To choke or not to choke How positive reinforcement has affected the use of choke collars in dog training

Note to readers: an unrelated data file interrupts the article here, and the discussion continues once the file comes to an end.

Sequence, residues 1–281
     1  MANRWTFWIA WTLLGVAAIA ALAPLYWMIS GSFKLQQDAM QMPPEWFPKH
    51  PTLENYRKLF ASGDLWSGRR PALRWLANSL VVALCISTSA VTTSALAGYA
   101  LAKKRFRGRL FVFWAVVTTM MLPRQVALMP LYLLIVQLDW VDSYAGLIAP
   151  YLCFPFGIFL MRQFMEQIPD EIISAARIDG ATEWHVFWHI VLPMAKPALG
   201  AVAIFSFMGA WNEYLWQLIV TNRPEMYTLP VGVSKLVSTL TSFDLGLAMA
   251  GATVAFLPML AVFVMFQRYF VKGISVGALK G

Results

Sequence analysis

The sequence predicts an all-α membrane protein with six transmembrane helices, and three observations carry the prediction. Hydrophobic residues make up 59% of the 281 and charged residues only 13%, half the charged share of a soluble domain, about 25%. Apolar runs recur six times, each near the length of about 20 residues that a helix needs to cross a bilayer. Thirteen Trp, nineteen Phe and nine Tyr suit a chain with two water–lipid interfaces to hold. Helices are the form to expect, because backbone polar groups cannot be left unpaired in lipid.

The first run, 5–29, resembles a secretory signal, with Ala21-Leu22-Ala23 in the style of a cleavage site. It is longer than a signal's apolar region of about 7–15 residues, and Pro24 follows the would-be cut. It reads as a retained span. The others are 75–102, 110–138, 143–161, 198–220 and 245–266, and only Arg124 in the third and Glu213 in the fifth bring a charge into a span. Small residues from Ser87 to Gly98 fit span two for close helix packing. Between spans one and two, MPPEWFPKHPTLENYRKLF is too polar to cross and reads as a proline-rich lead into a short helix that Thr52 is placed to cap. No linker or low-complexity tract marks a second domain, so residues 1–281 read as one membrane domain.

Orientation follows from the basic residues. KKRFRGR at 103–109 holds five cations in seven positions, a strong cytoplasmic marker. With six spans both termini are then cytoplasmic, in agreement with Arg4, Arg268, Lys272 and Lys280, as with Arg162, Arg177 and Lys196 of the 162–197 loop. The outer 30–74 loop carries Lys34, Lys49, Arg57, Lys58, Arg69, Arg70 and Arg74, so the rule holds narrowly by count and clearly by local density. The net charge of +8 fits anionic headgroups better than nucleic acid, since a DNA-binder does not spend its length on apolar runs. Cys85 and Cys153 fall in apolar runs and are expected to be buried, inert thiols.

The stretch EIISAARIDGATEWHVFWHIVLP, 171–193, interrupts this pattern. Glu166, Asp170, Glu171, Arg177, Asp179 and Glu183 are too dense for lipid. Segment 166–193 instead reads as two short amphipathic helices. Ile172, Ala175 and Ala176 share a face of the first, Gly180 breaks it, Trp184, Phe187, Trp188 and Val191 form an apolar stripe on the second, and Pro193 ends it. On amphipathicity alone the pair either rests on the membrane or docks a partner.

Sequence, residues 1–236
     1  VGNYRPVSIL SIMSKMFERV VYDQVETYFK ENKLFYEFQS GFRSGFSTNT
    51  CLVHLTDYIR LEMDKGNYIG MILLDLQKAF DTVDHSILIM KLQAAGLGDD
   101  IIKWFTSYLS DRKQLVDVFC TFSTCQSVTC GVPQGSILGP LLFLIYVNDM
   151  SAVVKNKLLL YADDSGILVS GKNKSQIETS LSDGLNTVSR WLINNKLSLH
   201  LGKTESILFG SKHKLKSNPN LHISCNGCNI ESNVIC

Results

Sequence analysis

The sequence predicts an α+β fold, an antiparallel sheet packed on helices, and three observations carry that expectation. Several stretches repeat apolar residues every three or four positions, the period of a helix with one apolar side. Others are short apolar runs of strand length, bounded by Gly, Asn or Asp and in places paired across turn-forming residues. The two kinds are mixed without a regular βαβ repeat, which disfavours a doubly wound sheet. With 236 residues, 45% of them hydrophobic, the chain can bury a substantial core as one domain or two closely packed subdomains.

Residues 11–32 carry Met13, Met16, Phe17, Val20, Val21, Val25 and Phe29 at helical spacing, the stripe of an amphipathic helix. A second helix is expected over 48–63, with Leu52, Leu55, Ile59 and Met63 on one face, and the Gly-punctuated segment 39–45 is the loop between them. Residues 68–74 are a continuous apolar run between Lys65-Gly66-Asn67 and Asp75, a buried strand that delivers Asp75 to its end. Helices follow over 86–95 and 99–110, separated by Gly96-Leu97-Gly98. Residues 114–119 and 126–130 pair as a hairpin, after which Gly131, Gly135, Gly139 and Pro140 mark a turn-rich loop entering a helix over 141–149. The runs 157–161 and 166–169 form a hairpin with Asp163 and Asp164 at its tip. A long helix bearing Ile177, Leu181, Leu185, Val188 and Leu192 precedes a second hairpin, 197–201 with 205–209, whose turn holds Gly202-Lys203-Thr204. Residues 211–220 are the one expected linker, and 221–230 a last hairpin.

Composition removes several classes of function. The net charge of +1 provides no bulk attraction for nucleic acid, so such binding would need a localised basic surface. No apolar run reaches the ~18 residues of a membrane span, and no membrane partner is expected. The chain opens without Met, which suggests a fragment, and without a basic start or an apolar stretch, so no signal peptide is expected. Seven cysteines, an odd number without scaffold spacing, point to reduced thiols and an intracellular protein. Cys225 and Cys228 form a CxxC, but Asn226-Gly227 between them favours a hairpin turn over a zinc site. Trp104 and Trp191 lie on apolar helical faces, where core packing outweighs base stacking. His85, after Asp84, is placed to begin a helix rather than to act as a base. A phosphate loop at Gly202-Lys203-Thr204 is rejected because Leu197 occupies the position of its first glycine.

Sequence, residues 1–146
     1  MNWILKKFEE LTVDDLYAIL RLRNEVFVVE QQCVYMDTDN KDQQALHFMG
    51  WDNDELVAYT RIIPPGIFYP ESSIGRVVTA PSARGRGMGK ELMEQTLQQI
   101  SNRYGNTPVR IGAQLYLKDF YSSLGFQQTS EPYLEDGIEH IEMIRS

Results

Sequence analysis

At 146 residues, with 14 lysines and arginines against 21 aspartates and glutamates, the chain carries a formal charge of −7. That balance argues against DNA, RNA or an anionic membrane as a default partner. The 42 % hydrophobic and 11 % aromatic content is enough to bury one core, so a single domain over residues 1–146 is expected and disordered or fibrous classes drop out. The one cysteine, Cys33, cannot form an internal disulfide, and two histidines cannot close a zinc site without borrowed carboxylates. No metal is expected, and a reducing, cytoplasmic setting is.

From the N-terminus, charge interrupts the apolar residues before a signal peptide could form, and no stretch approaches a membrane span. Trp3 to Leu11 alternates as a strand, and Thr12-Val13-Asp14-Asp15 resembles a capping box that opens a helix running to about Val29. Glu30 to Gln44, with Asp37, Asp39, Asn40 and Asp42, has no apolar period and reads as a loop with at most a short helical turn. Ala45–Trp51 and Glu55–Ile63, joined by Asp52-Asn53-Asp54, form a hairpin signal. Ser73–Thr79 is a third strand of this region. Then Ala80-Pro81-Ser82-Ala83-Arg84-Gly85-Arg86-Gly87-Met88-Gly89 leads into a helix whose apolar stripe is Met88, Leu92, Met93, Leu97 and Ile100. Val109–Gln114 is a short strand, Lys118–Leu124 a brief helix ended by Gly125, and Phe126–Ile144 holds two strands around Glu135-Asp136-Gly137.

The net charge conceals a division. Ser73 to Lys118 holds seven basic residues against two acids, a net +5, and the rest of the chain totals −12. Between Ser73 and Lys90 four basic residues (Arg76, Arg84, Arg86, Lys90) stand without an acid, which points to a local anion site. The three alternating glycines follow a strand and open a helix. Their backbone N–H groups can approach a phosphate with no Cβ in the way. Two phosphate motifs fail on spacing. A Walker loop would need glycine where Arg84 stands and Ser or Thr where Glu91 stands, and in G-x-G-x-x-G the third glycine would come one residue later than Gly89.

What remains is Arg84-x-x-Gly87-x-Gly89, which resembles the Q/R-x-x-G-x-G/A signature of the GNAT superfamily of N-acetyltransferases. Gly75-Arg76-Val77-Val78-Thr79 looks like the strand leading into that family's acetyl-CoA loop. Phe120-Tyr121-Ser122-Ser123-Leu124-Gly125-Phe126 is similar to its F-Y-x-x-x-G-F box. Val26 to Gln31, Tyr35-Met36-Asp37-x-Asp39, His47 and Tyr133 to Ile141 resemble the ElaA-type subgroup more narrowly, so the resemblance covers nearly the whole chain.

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1 To or not to How positive reinforcement has affected the use of collars in dog training Sara Edsler Abstract Choke collars and similar devices have for long been used on dogs in various situations. Their main use being that of a training or restraining tool when dealing with dogs displaying problematic behavior but many dog owners also use these types of collars simply as they seem to be practical and easy to put on any dog. In this article existing literature is examined to see if there is any correlation between the decreasing use of collars and the increasing use of positive, reward based, training. The public opinion regarding attitudes towards chains was also sampled through an online questionnaire. None of the examined articles showed a positive attitude towards collars or training methods involving negative reinforcement or positive punishment. The public attitude was both positive and negative. More respondents showed a positive attitude towards collars when asked if they were for or against the use of them. However there was an overwhelming negative attitude when asked if they believed chains to provide a greater risk of injuries or if collars was considered an efficient method to stop a dog from pulling on its leash. Key words: Dog; Choke collar; Positive reinforcement; Positive punishment; Negative reinforcement; Training Introduction Different types of collars with a effect have long been used in a wide variety of situations. Choke collars are most often used in place of a regular collar, the ease with which it is put on, as well as the aversive effect a simple tug on the leash can give with such a collar seems to previously have elicited many professional dog trainers to use and recommend it in their programs. Theories about how wolves behave with their pack in the wild laid the ground for many of the different, more aversive, dog training methods that have been and are still, widely in use. Through force and social dominance the wolves seemed to gain higher rank in their packs, which many trainers came to apply on dog training through the use of chains, electronic collars and pinch/prong collars amongst many other techniques and tools (Yin, 2007). The use of a collar is one of the methods recommended by many professional trainers, especially when dealing with dogs displaying aggression or not cooperating when on a leash (Heron et al., 2009). Choke collars are often also chosen by dog owners as they are considered to be practical and it takes longer time for most dogs to outgrow them. These owners most likely don t see these types of collars as an aversive training tool but simply as a collar like any other.